Sharing a 5 month Olivia update with details about how she’s sleeping and what our typical daily schedule looks like.
Whoa! I just realized that my last Olivia update was my newborn essentials post back in January! Time has flown by and it’s hard to believe that Olivia is almost 6 months old now. She’ll be 6 months in one week, on May 8th.
These last few months have been such a journey… from open heart surgery and feeding issues to a sweet, smiling babe that loves eating, playing and going on walks. We’re so in love with her and we’ve been soaking up all the little moments, especially during this quarantine. She’s brought so much joy to our lives.
The question I get asked most about Olivia, besides the standard “How’s she doing?” is “How’s she sleeping?”. It’s the question everyone always asks new parents, right? “How’s ______ sleeping?” It’s a genuine question, but it can also be annoying, especially if your baby isn’t sleeping well. Our circumstances with Olivia have been a bit different since she didn’t come home from the hospital until she was 3 weeks old. She was also on a feeding tube until she was about 2 months.
To be honest, we were in full-on survival mode during those first two-three months and although we followed a feeding schedule (feeding every 3 hours…even throughout the night) it felt crazy because we weren’t able to listen to her hunger cues (she didn’t have them). The feeds were long and we were holding her upright to prevent reflux. She was also having trouble gaining weight, being weaned from pain meds and overall, just recovering from open heart surgery. I need to write a full post on our breastfeeding journey, but long story short, things have settled down quite a bit and she has more of a typical routine now.
So when it comes to sleep, I did a few things to prepare. First, I took the Little Z’s newborn sleep course and read the Mom’s on Call book. The course was a great foundation to learn about baby sleep patterns, as well as, tips and tricks for soothing, while the Mom’s on Call book was super helpful for setting up a schedule and routine.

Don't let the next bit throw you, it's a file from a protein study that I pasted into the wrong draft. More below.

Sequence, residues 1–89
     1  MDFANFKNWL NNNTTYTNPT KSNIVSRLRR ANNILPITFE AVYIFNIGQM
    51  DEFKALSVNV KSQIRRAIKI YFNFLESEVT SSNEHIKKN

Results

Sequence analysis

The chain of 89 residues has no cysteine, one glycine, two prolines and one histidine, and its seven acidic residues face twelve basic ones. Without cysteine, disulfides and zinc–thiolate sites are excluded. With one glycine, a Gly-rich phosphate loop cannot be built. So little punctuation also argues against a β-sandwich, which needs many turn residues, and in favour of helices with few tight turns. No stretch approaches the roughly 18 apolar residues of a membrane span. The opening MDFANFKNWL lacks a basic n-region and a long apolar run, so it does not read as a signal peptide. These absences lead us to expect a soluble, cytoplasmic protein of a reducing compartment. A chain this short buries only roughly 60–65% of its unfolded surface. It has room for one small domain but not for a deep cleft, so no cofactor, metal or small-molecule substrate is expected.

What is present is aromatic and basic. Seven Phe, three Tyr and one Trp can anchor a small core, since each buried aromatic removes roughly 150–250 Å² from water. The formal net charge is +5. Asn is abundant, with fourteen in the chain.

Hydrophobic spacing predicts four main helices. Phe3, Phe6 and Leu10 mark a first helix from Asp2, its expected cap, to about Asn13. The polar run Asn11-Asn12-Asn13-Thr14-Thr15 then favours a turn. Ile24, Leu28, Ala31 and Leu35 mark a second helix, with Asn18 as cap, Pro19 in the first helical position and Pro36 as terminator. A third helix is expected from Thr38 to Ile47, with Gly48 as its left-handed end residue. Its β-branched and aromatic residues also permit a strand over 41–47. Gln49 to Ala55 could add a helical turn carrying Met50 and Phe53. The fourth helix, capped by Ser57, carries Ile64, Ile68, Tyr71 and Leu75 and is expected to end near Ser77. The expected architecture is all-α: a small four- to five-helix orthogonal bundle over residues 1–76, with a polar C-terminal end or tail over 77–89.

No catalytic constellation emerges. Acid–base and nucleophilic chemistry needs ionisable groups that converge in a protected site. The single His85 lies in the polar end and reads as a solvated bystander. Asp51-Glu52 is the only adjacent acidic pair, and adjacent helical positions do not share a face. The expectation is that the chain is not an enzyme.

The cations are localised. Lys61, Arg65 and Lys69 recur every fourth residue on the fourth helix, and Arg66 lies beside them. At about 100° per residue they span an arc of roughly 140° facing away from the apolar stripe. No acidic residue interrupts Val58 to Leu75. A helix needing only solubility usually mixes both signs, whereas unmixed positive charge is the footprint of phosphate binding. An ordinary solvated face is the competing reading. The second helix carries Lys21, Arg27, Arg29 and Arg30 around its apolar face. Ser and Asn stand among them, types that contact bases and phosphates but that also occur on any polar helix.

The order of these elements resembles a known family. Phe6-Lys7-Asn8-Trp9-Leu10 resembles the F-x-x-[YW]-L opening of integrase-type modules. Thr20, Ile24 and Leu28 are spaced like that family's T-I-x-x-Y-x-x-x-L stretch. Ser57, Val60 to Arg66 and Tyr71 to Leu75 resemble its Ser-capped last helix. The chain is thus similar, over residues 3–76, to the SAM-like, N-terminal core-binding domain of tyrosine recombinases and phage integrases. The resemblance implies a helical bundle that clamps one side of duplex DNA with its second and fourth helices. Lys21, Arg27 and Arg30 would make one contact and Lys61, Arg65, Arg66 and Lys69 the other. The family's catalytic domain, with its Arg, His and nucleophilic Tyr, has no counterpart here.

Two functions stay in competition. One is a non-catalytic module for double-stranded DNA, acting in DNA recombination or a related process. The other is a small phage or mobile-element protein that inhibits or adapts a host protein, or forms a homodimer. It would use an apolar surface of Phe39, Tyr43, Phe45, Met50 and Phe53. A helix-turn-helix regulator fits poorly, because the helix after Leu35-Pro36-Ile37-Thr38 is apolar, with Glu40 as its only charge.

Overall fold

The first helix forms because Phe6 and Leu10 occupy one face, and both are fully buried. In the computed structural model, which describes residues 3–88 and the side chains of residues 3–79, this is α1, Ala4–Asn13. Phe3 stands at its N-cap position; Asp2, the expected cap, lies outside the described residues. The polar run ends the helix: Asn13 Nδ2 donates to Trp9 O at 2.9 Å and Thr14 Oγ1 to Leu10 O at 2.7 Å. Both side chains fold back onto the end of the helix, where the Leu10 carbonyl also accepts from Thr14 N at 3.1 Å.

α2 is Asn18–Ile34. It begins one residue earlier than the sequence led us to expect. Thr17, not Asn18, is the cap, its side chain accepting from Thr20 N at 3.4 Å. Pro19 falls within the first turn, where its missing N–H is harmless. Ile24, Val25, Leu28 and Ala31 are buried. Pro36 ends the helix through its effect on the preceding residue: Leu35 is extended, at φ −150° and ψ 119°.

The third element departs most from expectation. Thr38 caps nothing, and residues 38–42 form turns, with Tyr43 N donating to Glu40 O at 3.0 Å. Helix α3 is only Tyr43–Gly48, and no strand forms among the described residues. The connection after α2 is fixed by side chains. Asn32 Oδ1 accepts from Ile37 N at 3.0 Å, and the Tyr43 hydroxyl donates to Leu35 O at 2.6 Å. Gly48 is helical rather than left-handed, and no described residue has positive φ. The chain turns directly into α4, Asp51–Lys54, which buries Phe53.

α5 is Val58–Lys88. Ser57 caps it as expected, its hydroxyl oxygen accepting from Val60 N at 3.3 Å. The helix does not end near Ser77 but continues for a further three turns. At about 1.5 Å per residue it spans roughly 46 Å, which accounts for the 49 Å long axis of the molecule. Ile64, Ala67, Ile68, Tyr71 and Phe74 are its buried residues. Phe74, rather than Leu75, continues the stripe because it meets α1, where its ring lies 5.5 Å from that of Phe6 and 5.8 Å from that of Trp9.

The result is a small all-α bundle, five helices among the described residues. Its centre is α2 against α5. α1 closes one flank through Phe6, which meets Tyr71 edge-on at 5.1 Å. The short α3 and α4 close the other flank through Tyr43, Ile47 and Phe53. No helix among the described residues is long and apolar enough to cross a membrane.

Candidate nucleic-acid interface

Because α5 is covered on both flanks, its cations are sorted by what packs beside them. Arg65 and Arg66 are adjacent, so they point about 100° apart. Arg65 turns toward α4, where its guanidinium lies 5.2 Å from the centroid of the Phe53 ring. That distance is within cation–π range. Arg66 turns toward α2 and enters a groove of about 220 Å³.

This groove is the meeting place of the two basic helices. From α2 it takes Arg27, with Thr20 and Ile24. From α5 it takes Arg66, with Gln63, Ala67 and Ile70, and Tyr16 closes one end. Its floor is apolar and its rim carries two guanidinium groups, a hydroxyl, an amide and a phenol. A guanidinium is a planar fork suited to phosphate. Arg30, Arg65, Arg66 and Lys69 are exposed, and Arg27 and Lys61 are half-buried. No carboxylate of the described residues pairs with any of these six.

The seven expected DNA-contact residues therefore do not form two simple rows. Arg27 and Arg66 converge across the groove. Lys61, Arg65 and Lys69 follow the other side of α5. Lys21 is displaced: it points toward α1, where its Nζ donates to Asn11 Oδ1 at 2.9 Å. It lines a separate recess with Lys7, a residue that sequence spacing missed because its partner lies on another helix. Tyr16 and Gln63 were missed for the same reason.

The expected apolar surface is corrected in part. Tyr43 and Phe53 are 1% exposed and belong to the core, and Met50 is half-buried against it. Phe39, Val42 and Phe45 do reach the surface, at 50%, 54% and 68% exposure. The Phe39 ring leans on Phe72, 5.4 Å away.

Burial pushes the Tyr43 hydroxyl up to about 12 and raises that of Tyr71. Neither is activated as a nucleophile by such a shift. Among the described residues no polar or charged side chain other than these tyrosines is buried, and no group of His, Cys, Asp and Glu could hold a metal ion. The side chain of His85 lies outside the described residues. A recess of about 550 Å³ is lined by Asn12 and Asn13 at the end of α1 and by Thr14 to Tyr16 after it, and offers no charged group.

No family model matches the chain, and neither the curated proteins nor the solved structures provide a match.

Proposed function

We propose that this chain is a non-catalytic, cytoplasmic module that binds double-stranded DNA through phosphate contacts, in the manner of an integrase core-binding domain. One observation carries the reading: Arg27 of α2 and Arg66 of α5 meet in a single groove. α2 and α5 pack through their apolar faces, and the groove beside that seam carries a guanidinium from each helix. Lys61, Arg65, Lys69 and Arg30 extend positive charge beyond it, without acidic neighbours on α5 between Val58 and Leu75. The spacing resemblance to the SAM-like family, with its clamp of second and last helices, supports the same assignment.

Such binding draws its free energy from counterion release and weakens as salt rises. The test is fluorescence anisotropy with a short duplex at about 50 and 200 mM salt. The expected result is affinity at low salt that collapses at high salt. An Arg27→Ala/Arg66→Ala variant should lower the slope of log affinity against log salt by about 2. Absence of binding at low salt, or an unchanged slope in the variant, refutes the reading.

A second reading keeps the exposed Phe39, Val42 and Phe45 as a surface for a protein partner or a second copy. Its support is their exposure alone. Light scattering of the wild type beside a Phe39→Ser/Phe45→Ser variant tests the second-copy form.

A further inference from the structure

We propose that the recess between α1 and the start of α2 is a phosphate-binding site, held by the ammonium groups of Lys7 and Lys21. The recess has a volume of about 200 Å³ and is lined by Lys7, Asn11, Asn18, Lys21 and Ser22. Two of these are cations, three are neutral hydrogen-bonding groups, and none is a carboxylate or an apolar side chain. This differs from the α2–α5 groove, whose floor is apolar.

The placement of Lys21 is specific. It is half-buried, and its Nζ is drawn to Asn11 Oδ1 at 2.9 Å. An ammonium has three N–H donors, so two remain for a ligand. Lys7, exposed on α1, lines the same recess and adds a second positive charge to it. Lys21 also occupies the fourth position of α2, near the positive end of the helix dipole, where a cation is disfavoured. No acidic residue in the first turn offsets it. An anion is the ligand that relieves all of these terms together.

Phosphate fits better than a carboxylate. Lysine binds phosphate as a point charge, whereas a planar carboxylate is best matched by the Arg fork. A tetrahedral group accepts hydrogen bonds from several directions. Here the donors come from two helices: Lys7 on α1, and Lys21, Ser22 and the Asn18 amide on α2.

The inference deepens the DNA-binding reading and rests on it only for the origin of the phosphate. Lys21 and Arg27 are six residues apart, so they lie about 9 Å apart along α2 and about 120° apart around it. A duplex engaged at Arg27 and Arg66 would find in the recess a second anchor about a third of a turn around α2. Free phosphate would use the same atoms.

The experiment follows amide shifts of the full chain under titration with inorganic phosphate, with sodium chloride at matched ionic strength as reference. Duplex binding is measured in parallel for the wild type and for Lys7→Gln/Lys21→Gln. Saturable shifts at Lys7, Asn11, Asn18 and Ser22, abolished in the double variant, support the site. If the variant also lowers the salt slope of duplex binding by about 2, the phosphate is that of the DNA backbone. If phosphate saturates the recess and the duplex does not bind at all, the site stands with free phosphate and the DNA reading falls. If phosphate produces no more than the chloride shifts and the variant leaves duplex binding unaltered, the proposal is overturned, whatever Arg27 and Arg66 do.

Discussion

We never purchased a bassinet so from the beginning Olivia has slept in her nursery and she started sleeping long stretches (like 6-8 hours) at night around 2 months, when she came off the feeding tube and started taking bottles. But each night was a little different and we were going in her room a lot to soothe and/or pop her paci back in her mouth. We also used the Nested Bean swaddles for the first few months and loved them!
When Olivia was about 2 months old, we upgraded to a Nanit monitor and it’s been a total game-changer. I love that Isaac and I can both have the monitor on our phones and that we can access it even when we’re out of the house (not that we’re going anywhere right now). We also really like having the breathing band to monitor her breathing throughout the night.
I personally love getting the little summary each morning and watching the videos. The insights were especially helpful in the beginning, on the nights that were a complete blur and neither of us could remember who went into her room to soothe and when.
Now, she consistency sleeps 9-11 hours every night without us having to go into her room to soothe. There will be an occasional night where we might have to go in, but they are few and far between. Bedtime is between 7:30-8:00PM and she usually wakes up between 6:00-7:00AM.
That said, just remember that every baby is different! We are following our schedule pretty strictly… which I’m sure has been helpful, but I think we’ve also been blessed with a good sleeper. My parents always said I was an amazing sleeper as a baby so I think she might take after me.
Since the beginning I’ve tried to follow the typical schedule(s) outlined in the MOC book, but I’d say we’ve been really following it for about 2 1/2 months and we’ve tweaked it a bit to make it work for us. Of course, every day isn’t exactly the same and we listen to Olivia’s cues.
I should also note that Olivia is almost 6 months old, but we’re still following the 4 month MOC schedule, mostly because it’s still working for us and we haven’t introduced solids yet. I’m not sure when we’ll introduce them. I’m going to ask about it at our next pediatrician appointment and see what her doctor has to say. I also want to do a little research about baby led weaning to see if that makes sense for us.
So with all that said, here’s what a typical day looks like for us right now:
Most days Olivia wakes up and gets out of her crib around 6:30AM. Occasionally she will stir earlier, (like 5:30AM) and if this happens we usually go in to soothe her and see if she’ll go back to sleep for another hour or so. Most of the time this works.